“NISSAN TERRANO is for the car enthusiast who wants to feel the beat of life in his own life.”

“Whenever and everywhere we can meet our best friend nature. Take a grip of steering, NISSAN TERRANO.”

Actually, Mother Nature features rather heavily in car slogans. Countless times have I pulled up behind a 4wd drive emblazoned with slogans urging me to ‘respect’ and ‘nurture’ Mother Nature, obviously exactly what the environmentally-conscious 4wd drivers are doing in purchasing petrol-guzzling mobiles, (such as the Nissan Terrano...).

But my favourite is this classic:

“Shining elegance

A high qualified feeling which appeals to our mind

An admirable elegance that makes us wide-eyed

Authentic elegance has an incredible power which changes the surrounding atmosphere


And what was that one found on? Well, none other than a frying pan of course!!

Of course, absolute honesty is not always necessary when creating the right slogan. A friend of mine has a “beautiful ceramic heater which provides enjoyable warmth for all, everybody.” Yet her heater is plastic.

What’s more, this Engrish phenomenon does not limit itself to advertising, another area worth looking at is that of fashion items. Just ask my friend with the ‘Erectric Killer’ T-Shirt. Other T-Shirt slogans include “My first marriage was one of convenience”; “Let’s Flesh Milk!” and the all-time classic, “Spread Beaver – Showing in vaginal area”!! Imagine these being worn by young kids, their parents oblivious to the meaning. It’s a common sight in Japan!


Why not try a snack, such as those pretzels covered in chocolate, known as “Pocky Sticks”. Of these, the finest are the mint chocolate “Men’s Pocky Sticks” (quite why they’re not suitable for women I never got), but the packet does tell us that they are intended for “the intelligent connoisseur who enjoys the finer points in life”.


To be honest I’m getting a bit tired of it all; the continual use of words such as ‘invigorating’, ‘connoisseur’, ‘qualified’ and ‘authentic elegance’ is beginning to hurt my brain. I’ve got to relax and what more appropriate than ‘a piece of cigarette’ for you know that “complete relaxation has been attained when one enjoys a piece of cigarette”. No wonder they all smoke here!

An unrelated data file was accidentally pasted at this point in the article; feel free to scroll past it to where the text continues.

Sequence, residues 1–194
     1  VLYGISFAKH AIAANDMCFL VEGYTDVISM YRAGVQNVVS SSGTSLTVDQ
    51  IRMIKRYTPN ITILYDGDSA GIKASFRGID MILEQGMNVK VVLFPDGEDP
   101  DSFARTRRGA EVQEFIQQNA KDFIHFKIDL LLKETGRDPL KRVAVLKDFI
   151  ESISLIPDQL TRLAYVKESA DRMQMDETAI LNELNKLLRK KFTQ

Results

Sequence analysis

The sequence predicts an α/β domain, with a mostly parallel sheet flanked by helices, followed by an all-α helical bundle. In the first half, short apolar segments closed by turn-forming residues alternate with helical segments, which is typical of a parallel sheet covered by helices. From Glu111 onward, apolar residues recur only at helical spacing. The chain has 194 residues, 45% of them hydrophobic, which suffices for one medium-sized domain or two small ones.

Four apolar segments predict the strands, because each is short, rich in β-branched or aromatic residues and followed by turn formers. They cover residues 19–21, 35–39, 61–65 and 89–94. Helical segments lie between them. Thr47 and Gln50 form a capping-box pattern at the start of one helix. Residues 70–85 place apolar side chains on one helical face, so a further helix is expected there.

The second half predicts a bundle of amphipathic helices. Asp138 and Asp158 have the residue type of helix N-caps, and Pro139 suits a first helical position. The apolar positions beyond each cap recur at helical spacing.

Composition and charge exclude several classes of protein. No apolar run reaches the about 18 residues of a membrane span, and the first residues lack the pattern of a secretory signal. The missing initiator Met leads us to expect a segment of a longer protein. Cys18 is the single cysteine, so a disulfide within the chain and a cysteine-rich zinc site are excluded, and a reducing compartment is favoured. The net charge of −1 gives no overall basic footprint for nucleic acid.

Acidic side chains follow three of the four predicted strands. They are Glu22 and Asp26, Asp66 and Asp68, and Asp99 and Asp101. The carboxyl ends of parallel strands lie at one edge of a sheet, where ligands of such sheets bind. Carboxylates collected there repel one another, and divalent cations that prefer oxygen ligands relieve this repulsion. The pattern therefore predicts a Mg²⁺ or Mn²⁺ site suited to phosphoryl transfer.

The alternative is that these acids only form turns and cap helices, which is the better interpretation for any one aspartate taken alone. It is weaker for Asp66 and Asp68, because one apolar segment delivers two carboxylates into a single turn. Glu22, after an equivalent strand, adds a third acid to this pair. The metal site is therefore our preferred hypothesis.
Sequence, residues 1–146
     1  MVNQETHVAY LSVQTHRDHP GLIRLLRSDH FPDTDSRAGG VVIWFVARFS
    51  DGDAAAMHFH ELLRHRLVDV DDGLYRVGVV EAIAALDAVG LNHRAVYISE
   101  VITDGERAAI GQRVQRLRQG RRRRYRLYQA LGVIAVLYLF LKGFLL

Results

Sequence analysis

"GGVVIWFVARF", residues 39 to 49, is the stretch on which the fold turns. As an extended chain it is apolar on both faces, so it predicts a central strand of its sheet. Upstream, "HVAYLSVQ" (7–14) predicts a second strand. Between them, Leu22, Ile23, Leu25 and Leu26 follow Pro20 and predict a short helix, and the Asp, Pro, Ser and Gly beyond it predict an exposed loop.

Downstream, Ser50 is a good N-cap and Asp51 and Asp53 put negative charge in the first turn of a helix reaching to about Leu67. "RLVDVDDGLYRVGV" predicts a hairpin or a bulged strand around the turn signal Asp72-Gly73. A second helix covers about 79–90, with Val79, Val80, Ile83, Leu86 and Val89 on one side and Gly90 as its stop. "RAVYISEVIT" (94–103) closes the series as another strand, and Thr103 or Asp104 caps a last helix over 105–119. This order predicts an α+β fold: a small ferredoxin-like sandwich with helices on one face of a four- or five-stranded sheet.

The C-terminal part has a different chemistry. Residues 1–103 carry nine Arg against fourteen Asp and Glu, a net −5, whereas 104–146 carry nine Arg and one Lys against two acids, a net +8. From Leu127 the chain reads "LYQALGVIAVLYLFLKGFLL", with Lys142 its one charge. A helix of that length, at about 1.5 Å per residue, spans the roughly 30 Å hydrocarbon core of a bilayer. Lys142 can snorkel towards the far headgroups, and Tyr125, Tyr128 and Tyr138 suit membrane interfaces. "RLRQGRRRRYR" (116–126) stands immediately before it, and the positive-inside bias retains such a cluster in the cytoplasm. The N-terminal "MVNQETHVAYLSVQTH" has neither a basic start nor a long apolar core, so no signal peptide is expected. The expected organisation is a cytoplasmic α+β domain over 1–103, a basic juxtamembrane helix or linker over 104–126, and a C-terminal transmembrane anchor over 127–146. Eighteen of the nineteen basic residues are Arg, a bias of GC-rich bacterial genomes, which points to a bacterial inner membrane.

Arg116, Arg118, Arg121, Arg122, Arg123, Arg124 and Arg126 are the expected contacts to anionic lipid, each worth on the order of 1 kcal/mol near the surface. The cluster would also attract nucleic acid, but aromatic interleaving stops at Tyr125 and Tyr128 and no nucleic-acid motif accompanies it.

Considering all this, myself and a few comrades decided the other day to really try and figure out the slogan-maker’s art. The answer is simple, firstly think of a good slogan in Japanese and then translate it directly without changing the grammar. Then, why not look through the dictionary for the longest words you can find and place them liberally in your slogans? Finally, to put the icing on the cake, use a few of those English phrases you were taught at school, in particular if they start with the word ‘Let’s’ and end with ‘together’. Using these principles, one can develop a whole new way of speaking.

In the pub:

A: What are you drinking?

B: I am enjoying karua milk. The creamy goodness of the milk combines with the exhilaration of the karua to produce a taste experience that is intense.

And you?

A: I’m drinking Suntory whisky. For many years the establishment of Suntory has been taken by the world as a symbol of enjoyable and quality whisky for happy consumption.


Or perhaps we suggest a day out?

A: Where shall we go today?

B: Preservation of our physical health is essential to our soul harmony. Let’s enjoy onsen experience together!

A: But in the modern world the needs of the body and soul are multiples. Let’s enjoy Fabore Shopping World where quality and value produce an invigorating and wholesome shopping experience?!


And finally, the other day I had a lesson with a rather quiet and uninterested group of students on the topic, “Why do we study English?” Not the easiest topic to teach to a group of people unlikely ever to leave Toyama-ken), an area where speaking English is hardly that useful, since you’ll be the only one who can anyway). How could I inspire them? Luckily, I had my Engrish spiel ready...

“Do you remember child hopes and dreams? To fly in the sky or enjoy Mother Nature, our best friend? Supreme life fulfilment can only be obtained if we pursue our dreams. Study with honour and happiness. Fulfil child dreams. Let’s study English together!”